You have free articles remaining.

Become a Member

For this "privilege," I pay $109 a month ... and I don't even have HBO or Showtime; just two receivers and a video recorder. Probably time to see if Spectrum is available in my neighborhood, which it wasn't when I first subscribed to Dish 10 years ago.

The bright side is that at least my computer still functions ....

* * *

I see by a posting on the window at Raven's shop in the Wheelhouse mall that Richard Stillwagon will be moving his rum tasting room to a new location soon. He's been in the front of the Continuum building for well over a year.

* * *

What a special treat it was to attend the Skylar Grey concert Friday night, presented by the Bandon Showcase at the Sprague Theater. Skylar is not only a well-known singer songwriter, with a large following, but she also happens to be the daughter of Candace Kreitlow of Bandon and the step-daughter of Pete Bauer.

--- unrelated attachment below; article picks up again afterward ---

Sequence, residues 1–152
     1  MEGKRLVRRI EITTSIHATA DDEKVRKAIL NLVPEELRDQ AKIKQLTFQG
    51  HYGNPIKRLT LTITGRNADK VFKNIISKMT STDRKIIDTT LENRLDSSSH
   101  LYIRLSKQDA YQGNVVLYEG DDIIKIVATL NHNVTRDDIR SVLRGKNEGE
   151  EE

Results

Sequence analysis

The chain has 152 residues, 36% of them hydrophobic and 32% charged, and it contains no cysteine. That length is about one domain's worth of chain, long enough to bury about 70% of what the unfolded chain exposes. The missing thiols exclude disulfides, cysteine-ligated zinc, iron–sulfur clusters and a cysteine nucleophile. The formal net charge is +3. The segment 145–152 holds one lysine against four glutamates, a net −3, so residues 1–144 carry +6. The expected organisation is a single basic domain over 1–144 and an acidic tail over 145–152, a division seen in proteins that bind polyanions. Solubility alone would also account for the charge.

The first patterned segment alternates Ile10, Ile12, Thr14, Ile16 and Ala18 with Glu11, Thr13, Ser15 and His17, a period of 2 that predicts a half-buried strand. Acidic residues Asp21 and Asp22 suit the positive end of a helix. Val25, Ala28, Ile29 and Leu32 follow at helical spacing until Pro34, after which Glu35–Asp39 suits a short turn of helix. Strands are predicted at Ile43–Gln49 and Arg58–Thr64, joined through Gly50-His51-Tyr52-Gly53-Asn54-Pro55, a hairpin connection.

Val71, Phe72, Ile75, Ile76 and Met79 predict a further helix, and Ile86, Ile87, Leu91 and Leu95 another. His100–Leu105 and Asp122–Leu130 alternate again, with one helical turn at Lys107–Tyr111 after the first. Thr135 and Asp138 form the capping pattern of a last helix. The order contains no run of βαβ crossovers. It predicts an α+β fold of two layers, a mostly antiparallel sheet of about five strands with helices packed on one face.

The concert had been sold out for weeks, so I know there were a lot of people who would loved to have heard her that simply weren't able to buy tickets.

Also joining Skylar on stage during the concert were her mother, who sang with her and provided accompaniment on her harp for one number, and her fiance Elliott Taylor, who sang his first single "Let It Out" which he produced and wrote with Skylar.

She has a gorgeous voice and is talented on multiple instruments, which made the concert even more special for the appreciative audience.

* * *